Transcript of their exchange (via TV Newser):
Liesman: Rick, you've lost enough people enough money by now.
Santelli: Why don't we put that to a referendum? Let's put it on our website right now. Who lost you more money, Steve Liesman or Rick Santelli. Put your money where your mouth is.
Liesman: Rick you argued interest rates would be higher, you argued for the crash of the dollar, Rick. Rick, you had everything wrong, Rick. There wasn't a single thing you had right.
Santelli: Jobs, jobs, jobs. I talked about the credit crisis.
Liesman: You were wrong... you said the credit crisis was nothing. I'll pull the tapes.
Santelli: Okay. You pull the tapes Steve Liesman.
Liesman: You were wrong about everything.
From a March 14 Newsmax column by Richard Grenell, who "served as the spokesman for the last four ambassadors to the United Nations -- John Negroponte, John Danforth, John Bolton, and Zalmay Khalilzad":
If President Barack Obama gets his trillion dollar healthcare bill passed this week by the Democrats in Congress, parents will be required to pay for their unmarried kids' healthcare coverage until the age of 26.
And Generation Y will be enticed to continue slacking, without a job, well past college graduation. While ski bums everywhere are cheering the news that the federal government will be forcing parents to pay for their health insurance through age 26, parents are questioning why the federal government is enticing a whole generation to stay unemployed.
America has always been a place where hard work is rewarded regardless of one's age, family status or educational background. If you have an idea you are committed to and make sacrifices to further the idea, you can be wildly successful in our capitalistic system.
In America, you can launch a multi-billion dollar computer company from your garage, you can grow up homeless and make it to Harvard and you can create a worldwide social networking movement while still in college.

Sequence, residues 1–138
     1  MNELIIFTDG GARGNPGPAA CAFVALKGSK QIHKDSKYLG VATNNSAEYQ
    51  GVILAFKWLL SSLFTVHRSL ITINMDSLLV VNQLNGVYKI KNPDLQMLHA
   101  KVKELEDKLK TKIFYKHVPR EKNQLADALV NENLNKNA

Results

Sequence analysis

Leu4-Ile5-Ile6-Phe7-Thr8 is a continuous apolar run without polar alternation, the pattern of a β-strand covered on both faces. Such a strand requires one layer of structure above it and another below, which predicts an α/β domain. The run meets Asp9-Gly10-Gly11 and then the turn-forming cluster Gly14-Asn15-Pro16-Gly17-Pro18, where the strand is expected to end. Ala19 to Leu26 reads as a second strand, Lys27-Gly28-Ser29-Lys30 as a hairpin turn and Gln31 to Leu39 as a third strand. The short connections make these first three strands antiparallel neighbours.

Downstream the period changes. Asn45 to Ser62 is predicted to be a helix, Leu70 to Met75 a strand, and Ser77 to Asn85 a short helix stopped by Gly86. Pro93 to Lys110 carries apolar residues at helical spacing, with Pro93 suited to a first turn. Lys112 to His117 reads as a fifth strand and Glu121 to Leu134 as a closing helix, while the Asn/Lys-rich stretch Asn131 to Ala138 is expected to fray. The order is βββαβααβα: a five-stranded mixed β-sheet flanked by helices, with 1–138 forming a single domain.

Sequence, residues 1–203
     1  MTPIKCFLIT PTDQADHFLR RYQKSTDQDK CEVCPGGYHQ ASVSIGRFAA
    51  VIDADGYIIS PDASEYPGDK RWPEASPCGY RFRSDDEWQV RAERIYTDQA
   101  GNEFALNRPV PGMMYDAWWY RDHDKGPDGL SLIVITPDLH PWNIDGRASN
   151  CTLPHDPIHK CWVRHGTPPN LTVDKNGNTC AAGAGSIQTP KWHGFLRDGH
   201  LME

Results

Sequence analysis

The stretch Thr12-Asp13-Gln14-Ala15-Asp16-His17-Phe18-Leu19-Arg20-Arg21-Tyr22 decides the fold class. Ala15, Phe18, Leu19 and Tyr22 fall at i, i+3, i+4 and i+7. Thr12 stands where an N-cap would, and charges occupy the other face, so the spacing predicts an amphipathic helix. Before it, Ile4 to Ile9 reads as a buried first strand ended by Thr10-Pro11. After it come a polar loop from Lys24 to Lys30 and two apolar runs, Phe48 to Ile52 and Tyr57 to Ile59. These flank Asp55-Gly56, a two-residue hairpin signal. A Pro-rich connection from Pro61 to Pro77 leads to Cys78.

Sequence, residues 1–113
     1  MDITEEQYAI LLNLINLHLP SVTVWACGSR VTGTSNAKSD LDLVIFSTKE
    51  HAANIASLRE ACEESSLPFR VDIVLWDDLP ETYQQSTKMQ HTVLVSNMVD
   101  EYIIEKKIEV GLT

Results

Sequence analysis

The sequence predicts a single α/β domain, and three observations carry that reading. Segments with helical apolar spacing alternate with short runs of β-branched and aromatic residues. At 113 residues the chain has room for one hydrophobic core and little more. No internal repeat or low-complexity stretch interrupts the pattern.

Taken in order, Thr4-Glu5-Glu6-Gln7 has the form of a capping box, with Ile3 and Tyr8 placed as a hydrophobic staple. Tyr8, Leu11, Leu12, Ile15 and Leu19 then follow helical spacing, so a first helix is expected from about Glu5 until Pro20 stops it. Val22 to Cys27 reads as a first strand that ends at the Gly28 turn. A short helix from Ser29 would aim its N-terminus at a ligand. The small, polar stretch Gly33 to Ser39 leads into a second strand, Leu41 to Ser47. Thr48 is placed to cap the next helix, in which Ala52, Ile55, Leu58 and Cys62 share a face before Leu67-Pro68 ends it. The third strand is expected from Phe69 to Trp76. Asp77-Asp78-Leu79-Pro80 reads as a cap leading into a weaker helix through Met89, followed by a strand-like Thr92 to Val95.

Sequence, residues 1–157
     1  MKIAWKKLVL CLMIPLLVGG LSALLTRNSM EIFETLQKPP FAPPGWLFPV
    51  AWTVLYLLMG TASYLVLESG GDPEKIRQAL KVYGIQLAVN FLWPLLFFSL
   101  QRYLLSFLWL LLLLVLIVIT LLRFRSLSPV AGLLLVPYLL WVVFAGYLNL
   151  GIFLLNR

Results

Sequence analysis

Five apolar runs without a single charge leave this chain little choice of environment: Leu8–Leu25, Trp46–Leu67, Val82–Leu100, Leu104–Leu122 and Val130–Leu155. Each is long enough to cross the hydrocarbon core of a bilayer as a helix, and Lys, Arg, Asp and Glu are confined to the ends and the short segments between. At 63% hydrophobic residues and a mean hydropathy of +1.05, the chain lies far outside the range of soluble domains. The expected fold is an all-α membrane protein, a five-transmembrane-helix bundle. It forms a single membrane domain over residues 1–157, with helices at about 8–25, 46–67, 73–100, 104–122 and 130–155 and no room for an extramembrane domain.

But you can also be a slacker if you have the means to slack. Spending a year skiing, hanging out on the beach and surfing or traveling the world are options for the few lucky ones who have parents wealthy enough to pay for such endeavors.
But should the U.S. government encourage college kids to become slackers? Does Generation Y need any more encouragement to feel entitled? And should society guarantee a 5-year hiatus from responsibility after college graduation for millions of college kids?
While it is true that many college graduates today will be self-motivated to find a career, make their own money and contribute to society, Generation Y has been the most entitled generation in history. Should the American taxpayer tempt these kids further into believing that the American dream is easy to fulfill?
Obama's healthcare bill is being celebrated on the slopes of Colorado and the surf shacks of California but is a dangerous precedent for future generations.
One could understand extending another entitlement program through age 26 in countries where the average workweek is 30 hours per week and vacation time is guaranteed at 8-10 weeks per year. But is this new proposal anti-American? We aren't supposed to reward people who don't work hard and make sacrifices to get ahead. And we aren't supposed to guarantee anything in America but a fair shot. America is a place where you prove your commitment to your family and your community through hard work and sacrifice. It is this ethic that we call American values.
UPDATE: Gibbs responds on Twitter:
From Kyle Olson's March 15 Big Government post:
by Kyle Olson
I thought it was odd that Robert Gibbs was wearing a purple bracelet (and a purple tie) during his appearance on "Fox News Sunday" and CBS' "Face The Nation." SEIU president Andy Stern, the top visitor to the White House, wore a similar, if not the same, purple bracelet at one point, too. And in virtually every photo of Stern, he's wearing SEIU's purple color.
The bracelet is kind of a signal to tell Stern that the administration has it under control and ObamaCare will be delivered. Just a few more Democrats need to be shown the Chicago way.
Am I making too much out of nothing? Maybe. Who knows.
And this reminded me of another time a signal was being sent by the White House some time back.
Was Gibbs sending a signal to Stern, ala Clinton and Lewinsky? Doubtful. But anything is possible in the lead-up to the intra-Democratic Party showdown to deliver health care reform for Andy Stern and SEIU.